Other sports will have to make some major adjustments in scheduling.

“People are having to make hard decisions and you’re seeing people dropping sports in Division I, II and III,” RMAC Commissioner Christopher Graham said. “If the goals are cost savings to support our broad program offerings and student-athlete opportunities across the division, then maintaining long, nonconference trips doesn’t fit with that premise. Staying within conference is really going to be the focus of probably most Division II conferences.”

It also helps eliminate the issue of one conference allowing fans at games and another conference closing events to fans. Graham said the RMAC presidents have not made a decision on whether to restrict fans at games next school year.

Mesa’s volleyball team will lose one of its two nonconference tournaments, scrubbing its trip to Angelo State (the Mavs were planning to fly) and keeping the tournament at Nebraska-Kearney (a bus trip).

“If they stick with our 18-game (RMAC) schedule that means we’ll have to skip one of the opening weekends and the direction we’re receiving from the university is basically it will be the more expensive of the two,” CMU coach Dave Fleming said.

“I really think anyone who’s hosting one of those nonconference tournaments is really going to want to host, so everybody is going to be scrambling. Everybody’s going to have to reschedule those first two weekends and then there’s going to be restrictions on you’re not going to be able to be on certain campuses, certain teams won’t be able to fly. I think it’s going to be a mess.”

Baseball lost 10 games off its usual 50-game schedule. The Mavericks played 14 nonconference games this spring, and will lose its four-game series against the Trailblazers, but the conference is keeping its 36-game schedule, adding “pod” weekends, with three teams playing doubleheaders at one site.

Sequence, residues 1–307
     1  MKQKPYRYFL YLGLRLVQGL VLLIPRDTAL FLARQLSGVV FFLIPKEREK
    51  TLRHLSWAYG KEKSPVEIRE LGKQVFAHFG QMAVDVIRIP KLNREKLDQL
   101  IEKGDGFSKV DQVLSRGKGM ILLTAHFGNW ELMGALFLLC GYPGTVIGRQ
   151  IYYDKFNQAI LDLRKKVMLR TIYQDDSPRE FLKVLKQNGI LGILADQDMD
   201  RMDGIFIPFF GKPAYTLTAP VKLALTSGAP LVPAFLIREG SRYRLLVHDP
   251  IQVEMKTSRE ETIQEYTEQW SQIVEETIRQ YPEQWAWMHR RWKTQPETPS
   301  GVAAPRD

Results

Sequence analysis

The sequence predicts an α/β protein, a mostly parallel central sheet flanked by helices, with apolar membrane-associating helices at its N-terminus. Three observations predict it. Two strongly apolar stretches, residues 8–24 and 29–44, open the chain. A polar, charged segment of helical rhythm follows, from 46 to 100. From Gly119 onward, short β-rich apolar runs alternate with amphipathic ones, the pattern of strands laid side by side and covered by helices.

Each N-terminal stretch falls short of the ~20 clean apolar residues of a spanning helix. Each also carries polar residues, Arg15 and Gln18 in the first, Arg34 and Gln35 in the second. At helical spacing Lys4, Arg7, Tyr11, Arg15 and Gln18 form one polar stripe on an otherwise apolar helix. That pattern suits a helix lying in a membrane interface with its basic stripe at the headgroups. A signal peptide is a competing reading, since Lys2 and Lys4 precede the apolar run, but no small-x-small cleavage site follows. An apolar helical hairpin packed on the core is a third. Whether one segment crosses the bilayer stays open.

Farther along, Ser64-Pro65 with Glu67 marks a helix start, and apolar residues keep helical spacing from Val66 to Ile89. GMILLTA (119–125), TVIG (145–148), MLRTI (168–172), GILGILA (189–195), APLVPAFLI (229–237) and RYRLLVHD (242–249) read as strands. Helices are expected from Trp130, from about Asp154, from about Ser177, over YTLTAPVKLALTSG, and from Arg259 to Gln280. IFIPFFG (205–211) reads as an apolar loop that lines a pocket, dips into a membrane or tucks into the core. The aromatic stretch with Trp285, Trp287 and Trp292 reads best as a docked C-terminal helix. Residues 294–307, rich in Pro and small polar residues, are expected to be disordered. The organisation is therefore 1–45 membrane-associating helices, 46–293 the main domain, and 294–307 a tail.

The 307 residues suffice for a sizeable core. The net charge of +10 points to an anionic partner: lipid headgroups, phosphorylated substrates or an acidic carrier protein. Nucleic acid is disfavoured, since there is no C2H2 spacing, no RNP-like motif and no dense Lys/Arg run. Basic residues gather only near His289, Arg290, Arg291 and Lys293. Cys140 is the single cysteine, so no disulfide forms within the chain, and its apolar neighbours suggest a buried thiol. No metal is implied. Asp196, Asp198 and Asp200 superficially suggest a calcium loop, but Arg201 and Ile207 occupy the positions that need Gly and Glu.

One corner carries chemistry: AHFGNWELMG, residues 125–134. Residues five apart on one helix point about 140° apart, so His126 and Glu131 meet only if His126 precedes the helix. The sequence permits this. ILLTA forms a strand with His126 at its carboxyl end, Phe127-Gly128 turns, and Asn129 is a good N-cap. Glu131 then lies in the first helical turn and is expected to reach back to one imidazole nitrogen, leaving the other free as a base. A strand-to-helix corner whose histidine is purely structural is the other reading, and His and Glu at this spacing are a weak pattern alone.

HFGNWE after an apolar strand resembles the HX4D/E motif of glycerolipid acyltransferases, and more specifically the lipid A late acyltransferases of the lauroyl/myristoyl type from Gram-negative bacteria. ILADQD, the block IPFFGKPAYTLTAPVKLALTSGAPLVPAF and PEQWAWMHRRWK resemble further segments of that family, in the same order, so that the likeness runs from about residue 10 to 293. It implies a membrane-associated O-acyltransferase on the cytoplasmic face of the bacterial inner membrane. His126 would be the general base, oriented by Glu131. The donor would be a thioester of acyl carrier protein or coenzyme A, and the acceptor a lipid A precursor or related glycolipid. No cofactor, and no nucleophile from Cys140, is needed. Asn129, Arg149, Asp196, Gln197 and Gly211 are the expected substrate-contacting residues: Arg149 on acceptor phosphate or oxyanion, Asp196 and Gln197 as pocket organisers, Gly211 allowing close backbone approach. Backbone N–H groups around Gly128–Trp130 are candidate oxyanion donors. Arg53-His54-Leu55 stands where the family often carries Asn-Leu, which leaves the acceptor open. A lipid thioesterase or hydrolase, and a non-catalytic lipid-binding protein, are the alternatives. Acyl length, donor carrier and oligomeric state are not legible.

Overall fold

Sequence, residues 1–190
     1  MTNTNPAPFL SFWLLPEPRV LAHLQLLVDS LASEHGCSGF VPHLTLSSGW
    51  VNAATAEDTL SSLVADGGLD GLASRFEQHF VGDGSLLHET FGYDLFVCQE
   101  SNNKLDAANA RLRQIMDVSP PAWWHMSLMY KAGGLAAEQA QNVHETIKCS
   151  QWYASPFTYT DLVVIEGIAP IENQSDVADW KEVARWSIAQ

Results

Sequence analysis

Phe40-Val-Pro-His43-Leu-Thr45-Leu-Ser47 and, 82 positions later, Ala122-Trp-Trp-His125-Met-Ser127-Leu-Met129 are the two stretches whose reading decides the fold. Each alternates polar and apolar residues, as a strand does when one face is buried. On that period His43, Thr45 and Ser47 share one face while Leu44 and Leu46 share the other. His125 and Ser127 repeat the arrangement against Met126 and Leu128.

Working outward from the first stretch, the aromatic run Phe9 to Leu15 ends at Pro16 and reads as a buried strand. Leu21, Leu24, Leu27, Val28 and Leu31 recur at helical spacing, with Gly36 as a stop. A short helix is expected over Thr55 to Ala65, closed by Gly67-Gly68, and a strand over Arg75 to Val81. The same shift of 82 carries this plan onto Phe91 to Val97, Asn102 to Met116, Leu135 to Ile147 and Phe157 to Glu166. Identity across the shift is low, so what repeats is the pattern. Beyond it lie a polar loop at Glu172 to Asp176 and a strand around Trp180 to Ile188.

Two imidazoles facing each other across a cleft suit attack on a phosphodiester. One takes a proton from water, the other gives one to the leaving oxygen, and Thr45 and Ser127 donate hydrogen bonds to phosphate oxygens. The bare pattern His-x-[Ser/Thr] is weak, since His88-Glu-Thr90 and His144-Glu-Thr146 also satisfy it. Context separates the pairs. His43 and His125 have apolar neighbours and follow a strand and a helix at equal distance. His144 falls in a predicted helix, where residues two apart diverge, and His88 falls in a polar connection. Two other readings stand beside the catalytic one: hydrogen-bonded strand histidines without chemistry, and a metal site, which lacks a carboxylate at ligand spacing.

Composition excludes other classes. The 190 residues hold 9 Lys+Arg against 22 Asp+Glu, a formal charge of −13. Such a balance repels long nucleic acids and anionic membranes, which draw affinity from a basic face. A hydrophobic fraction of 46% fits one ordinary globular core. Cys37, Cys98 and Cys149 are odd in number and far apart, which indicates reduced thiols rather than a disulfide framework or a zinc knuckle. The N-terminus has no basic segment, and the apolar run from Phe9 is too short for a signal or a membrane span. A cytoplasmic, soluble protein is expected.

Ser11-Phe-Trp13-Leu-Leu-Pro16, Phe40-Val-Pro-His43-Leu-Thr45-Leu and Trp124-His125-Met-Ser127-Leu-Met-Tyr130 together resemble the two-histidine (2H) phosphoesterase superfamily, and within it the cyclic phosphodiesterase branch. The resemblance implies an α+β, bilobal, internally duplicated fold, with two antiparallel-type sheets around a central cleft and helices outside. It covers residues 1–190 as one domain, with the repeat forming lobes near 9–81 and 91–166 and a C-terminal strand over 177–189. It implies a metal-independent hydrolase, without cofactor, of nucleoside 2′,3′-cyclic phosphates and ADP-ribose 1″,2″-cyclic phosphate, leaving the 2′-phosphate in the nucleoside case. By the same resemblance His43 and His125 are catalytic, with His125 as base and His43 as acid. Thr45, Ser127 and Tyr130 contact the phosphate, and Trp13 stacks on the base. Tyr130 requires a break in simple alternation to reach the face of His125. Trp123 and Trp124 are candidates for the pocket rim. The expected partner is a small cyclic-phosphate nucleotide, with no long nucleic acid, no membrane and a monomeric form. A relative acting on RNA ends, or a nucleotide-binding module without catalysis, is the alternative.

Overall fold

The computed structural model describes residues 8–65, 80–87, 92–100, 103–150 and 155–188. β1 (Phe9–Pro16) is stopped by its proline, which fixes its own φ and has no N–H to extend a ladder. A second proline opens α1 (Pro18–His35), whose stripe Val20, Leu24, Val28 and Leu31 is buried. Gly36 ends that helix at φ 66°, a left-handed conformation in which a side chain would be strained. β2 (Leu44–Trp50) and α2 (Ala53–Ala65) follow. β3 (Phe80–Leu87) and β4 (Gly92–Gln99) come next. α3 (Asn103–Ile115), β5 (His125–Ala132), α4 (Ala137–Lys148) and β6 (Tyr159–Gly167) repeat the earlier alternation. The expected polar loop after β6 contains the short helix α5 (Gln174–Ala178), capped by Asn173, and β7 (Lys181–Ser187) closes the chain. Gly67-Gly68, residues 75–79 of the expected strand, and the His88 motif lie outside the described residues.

CMU baseball coach Chris Hanks understands the need to cut back financially, but wishes the NCAA would have given coaches a chance to come up with some creative solutions to play more games, especially if they can be played with a minimum of expense by playing a nearby school. That’s a challenge for CMU, since the closest Division II baseball teams are in Denver, but a doubleheader could be played by driving over and back the same day.

“It’s easier for Denver teams to get together on an extra weekend at little to no expense than it is for us, so it hurts us more,” Hanks said. “I truly am still about kids getting an opportunity to compete, and if you can compete with little to no expense, why can’t we compete?”

Unlike most other sports, baseball and softball are dependent on weather. Softball can play a 44-game season next spring, down from 56.

“If we lose two series to weather, now we’re only playing 32 games,” Hanks said. “I think even if we would have the opportunity to play 42 games, that fits more in line with what was cut from football and basketball. Forty-four is a better amount, but at the end of the day, every little bit (of money) that you can save matters.”